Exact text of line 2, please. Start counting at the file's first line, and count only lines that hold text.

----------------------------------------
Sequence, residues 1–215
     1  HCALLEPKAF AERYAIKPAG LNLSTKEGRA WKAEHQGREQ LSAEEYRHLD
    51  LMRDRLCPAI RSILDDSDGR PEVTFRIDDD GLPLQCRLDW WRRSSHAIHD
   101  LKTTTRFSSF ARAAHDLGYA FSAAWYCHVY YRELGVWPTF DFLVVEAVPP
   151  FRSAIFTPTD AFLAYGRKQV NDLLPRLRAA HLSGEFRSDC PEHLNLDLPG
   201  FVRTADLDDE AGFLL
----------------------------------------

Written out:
     1  HCALLEPKAF AERYAIKPAG LNLSTKEGRA WKAEHQGREQ LSAEEYRHLD